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Op-ed

Amnesty’s ‘apartheid Israel’ calumny

The allegation is unjustified and malicious — deeply harmful to Israel for those who take it at face value; damaging to Amnesty’s credibility for those who know better

David Horovitz

David Horovitz is the founding editor of The Times of Israel. He is the author of "Still Life with Bombers" (2004) and "A Little Too Close to God" (2000), and co-author of "Shalom Friend: The Life and Legacy of Yitzhak Rabin" (1996). He previously edited The Jerusalem Post (2004-2011) and The Jerusalem Report (1998-2004).

Agnes Callamard, the secretary general of Amnesty International, speaks during a press conference in Jerusalem, on February 1, 2022. (Flash90)
Agnes Callamard, the secretary general of Amnesty International, speaks during a press conference in Jerusalem, on February 1, 2022. (Flash90)

An earlier version of this Editor’s Note was sent out Wednesday in ToI’s weekly update email to members of the Times of Israel Community. To receive these Editor’s Notes as they’re released, join the ToI Community here.

No, Amnesty International. Israel is not practicing apartheid against the Palestinians — not, as ridiculously alleged in Amnesty’s malicious new report, in Israel itself, not in Hamas-run Gaza, and not in the profoundly troubling reality of the West Bank either. (The report also accuses Israel of enforcing apartheid “outside” these territories as well; words fail.)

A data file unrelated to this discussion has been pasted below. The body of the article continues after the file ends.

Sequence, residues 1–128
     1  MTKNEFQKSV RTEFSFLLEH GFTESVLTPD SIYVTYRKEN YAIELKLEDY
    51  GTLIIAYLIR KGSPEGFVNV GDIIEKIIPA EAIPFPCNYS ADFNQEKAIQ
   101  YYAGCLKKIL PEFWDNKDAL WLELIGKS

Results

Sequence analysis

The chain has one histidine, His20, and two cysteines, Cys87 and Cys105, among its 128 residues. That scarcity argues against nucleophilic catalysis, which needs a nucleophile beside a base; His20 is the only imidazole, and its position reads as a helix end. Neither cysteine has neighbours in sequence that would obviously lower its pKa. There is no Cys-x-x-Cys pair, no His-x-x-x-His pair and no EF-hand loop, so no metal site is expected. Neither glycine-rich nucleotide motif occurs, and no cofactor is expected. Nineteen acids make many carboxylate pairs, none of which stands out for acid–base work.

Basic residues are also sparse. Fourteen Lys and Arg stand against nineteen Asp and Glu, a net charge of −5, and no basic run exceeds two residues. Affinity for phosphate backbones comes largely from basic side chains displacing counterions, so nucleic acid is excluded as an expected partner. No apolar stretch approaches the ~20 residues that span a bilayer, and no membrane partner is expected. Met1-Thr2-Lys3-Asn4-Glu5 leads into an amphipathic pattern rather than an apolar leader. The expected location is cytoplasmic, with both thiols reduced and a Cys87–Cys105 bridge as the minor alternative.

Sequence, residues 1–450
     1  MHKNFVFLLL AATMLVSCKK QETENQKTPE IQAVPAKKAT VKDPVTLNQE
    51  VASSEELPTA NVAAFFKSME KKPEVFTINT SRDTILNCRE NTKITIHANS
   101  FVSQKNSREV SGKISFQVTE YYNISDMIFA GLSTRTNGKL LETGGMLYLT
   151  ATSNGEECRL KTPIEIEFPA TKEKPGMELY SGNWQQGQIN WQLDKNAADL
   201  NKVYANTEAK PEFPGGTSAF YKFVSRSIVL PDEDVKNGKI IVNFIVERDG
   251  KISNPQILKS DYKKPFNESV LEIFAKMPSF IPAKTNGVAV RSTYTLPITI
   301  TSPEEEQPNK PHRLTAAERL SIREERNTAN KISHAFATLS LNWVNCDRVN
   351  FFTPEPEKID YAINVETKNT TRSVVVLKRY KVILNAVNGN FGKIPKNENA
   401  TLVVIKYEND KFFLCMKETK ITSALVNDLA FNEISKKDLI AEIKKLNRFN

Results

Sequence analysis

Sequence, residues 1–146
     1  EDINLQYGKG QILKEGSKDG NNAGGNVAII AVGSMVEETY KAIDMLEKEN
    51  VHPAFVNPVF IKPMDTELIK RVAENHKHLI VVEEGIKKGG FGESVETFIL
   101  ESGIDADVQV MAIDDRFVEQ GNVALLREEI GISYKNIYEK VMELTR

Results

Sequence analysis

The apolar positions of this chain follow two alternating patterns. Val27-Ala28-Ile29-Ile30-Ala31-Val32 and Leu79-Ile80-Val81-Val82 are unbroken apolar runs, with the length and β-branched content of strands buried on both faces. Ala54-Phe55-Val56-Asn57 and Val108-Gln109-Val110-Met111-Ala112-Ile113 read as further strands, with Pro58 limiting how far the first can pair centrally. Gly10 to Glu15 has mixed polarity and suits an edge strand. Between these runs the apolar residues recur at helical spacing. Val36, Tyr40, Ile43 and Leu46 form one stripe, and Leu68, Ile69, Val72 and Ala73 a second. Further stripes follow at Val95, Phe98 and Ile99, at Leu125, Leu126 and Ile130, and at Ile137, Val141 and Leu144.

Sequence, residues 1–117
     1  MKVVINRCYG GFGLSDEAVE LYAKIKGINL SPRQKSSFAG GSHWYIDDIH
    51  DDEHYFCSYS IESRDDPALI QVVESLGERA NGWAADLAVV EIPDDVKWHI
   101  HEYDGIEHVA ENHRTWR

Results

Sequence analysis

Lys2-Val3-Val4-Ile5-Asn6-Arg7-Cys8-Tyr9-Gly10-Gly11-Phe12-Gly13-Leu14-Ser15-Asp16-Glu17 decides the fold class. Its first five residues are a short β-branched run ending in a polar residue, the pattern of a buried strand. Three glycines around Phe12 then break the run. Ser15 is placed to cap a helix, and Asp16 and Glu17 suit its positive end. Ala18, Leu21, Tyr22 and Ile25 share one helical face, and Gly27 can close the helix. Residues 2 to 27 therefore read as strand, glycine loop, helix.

In fact, Israel’s own Arab minority — a little over a fifth of the population — enjoys full rights in the Middle East’s only democracy, including equality before the law, equal political representation, free press and freedom of speech.

The Palestinians of the Gaza Strip are ruled by a murderous, repressive terrorist organization that avowedly seeks Israel’s destruction; Israel has no military or civilian presence there, having withdrawn unilaterally to the pre-1967 lines in 2005, and the necessity of its security blockade is reinforced every time Hamas initiates cross-border conflict.

Israel for decades sought to negotiate an end to its occupation in the West Bank, itself a successor to Jordanian occupation, but was defeated by first the Arab world’s and then the Palestinian leadership’s refusal to countenance terms that would not have spelled Israel’s demise militarily and/or demographically. Mainstream Israeli readiness to “take risks for peace” in the West Bank has been inexorably weakened by decades of relentless terrorism and by the evidence, from Gaza and southern Lebanon, that relinquishing adjacent territory simply creates a vacuum that terrorist regimes rush to fill.

Even as Israel in recent years has moved dangerously away from a declared readiness in principle for a viable two-state solution to the conflict, it has not annexed the West Bank and formalized sovereign rule over the Palestinians there. Its West Bank presence and its policies are a complex function and consequence of security imperatives amid a decades-old clash of national claims founded on competing historical narratives. Few would dispute that there is racism in that mix as well, but to quote Yuval Shany, a senior fellow at the Israel Democracy Institute and a member of the Hebrew University of Jerusalem Faculty of Law, using the language of apartheid is “a bridge too far.” I consider that an understatement.